FIG. 5 is a simplified flow chart showing the principal decision processes involved in the host computer being powered up by the communications management system.
FIG. 6 is a simplified functional block diagram of the interface circuit utilized in the communications management system of the invention.
FIG. 7 is a simplified flow chart showing the principal decision processes involved in powering-up the computer.
FIG. 8 is a simplified flow chart showing the principal decision processes involved in powering-down the computer.
Referring to the Figures, and particularly to FIG. 1, a personal computer 10 of a type suitable for use as host computer to the communications management system of the present invention is seen to include generally a main processing unit 11, a pair of disc drives 12 and 13, a keyboard 14 and a monitor 15. The five components of computer 10 may be conventional in design and construction and may be conveniently mounted as shown, alternating line current being provided to the units by means of single power cord 16 extending from the main computing unit 11.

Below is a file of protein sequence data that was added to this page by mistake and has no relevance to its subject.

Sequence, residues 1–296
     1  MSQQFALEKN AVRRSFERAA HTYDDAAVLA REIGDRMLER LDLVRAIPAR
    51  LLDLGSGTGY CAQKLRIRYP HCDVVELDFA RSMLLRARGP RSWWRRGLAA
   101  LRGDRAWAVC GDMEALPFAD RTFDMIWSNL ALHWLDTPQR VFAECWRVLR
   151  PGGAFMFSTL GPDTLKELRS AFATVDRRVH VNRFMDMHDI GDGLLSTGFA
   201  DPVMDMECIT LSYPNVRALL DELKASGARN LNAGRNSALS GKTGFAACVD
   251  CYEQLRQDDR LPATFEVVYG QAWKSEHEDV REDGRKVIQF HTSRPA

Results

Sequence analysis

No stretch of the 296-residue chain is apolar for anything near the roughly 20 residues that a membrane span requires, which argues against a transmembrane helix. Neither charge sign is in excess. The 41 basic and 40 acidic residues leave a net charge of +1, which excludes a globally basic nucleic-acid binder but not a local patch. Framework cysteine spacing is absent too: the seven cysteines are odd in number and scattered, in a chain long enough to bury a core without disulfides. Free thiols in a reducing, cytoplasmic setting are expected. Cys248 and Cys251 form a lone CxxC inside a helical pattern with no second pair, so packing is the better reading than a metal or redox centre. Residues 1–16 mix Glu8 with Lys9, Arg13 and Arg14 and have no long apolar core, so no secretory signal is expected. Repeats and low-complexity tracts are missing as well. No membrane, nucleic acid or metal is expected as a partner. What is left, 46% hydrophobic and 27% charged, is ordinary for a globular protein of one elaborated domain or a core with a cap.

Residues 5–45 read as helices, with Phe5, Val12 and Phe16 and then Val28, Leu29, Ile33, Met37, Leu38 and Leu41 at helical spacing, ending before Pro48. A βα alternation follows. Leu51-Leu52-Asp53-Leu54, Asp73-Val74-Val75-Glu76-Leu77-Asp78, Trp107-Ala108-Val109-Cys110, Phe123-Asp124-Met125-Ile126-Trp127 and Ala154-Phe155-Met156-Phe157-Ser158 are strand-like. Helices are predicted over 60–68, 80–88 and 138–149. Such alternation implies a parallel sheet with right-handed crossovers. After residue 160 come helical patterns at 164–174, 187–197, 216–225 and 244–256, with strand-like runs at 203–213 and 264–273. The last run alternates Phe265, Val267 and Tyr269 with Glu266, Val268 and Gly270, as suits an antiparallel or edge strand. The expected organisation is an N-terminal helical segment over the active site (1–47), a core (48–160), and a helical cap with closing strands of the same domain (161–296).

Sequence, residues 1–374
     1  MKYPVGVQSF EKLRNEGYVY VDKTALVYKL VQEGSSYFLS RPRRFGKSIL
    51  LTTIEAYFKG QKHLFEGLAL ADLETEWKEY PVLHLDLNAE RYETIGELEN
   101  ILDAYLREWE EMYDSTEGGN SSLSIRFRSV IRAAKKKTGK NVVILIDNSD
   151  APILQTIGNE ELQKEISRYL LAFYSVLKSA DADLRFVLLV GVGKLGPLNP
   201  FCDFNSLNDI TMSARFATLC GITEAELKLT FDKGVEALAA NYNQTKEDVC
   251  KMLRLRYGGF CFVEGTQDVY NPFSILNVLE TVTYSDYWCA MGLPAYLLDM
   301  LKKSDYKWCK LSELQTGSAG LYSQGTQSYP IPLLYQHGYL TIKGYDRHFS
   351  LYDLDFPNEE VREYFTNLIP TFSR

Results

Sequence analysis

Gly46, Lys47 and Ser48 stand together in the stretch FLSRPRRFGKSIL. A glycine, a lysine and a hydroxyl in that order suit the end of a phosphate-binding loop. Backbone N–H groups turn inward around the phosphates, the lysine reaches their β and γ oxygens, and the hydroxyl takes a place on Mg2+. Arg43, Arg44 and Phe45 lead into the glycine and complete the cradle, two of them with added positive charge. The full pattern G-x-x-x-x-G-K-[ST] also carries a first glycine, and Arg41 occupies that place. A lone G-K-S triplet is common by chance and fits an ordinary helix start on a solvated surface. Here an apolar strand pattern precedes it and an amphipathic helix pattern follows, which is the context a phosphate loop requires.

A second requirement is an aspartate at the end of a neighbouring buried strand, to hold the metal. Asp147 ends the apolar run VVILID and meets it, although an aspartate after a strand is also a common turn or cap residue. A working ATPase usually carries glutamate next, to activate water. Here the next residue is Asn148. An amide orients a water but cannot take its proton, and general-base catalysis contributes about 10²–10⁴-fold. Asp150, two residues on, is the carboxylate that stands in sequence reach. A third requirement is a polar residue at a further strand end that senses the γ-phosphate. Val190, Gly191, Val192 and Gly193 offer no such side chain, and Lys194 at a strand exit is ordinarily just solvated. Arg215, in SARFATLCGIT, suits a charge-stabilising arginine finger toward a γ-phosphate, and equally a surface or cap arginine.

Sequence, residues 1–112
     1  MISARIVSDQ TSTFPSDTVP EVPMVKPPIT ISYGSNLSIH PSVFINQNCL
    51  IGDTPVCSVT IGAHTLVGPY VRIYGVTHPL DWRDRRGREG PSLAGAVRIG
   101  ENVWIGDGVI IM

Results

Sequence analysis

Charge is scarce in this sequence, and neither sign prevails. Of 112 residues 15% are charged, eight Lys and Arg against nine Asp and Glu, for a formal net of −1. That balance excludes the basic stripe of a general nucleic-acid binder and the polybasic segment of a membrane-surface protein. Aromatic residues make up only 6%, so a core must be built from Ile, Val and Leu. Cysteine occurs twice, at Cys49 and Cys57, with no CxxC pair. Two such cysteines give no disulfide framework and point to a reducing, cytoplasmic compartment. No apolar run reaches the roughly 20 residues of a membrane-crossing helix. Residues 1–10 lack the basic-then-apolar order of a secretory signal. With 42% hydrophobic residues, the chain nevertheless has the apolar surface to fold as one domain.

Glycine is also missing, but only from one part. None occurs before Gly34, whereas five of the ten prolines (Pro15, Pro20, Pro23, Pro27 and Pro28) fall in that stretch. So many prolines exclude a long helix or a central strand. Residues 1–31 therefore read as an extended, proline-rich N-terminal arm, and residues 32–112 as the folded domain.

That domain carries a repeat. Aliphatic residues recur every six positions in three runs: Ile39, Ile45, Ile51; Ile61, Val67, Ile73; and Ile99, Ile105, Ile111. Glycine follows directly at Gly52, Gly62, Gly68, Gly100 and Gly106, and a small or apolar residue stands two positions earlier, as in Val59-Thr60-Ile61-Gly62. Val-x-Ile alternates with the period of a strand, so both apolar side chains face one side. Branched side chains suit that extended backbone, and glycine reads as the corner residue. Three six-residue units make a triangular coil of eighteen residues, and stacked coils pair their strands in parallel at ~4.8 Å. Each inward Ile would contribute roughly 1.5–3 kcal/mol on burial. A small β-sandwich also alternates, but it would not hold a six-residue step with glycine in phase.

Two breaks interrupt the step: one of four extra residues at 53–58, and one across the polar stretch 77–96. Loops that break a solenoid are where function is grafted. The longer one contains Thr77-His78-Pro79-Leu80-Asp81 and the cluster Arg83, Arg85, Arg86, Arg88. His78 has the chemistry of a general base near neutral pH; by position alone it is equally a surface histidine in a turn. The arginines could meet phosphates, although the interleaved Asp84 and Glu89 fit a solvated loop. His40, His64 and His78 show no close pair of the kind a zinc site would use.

Referring to FIG. 2, a communications management system 20 constructed in accordance with the invention for use with personal computer 10 is seen to include a circuit board 21 adapted to fit within an expansion slot (not shown) within the computer. To this end, the circuit board 21 includes a connector 22 which mates with the connector provided in the expansion slot in a manner well known to the art. The communications management system 20 further includes a local keyboard 23 and a power control and telephone line interface module 24. Keyboard 23 is connected to circuit board 21 by a cable 25 and module 24 is connected to circuit board 21 by a cable 26. A conventional electrical power cord 27 is provided to supply alternating current to module 24.
The top surface of actuator panel 23 includes a push button type actuator switch 28 for a designated auxiliary function of the communications management system. Various other switches for various other functions, as well as various indicator lights, can be provided on the subpanel as required by a particular application in which the communications management system is utilized.
When the communications management system 20 is installed in personal computer 10 the power cord 16 of the computer is inserted in a receptacle 29 provided on module 24. As will be seen presently, it is the function of module 24 to control the application of power to computer 10, and the insertion of power cord 16 into the module facilitates such control without modification to the computer.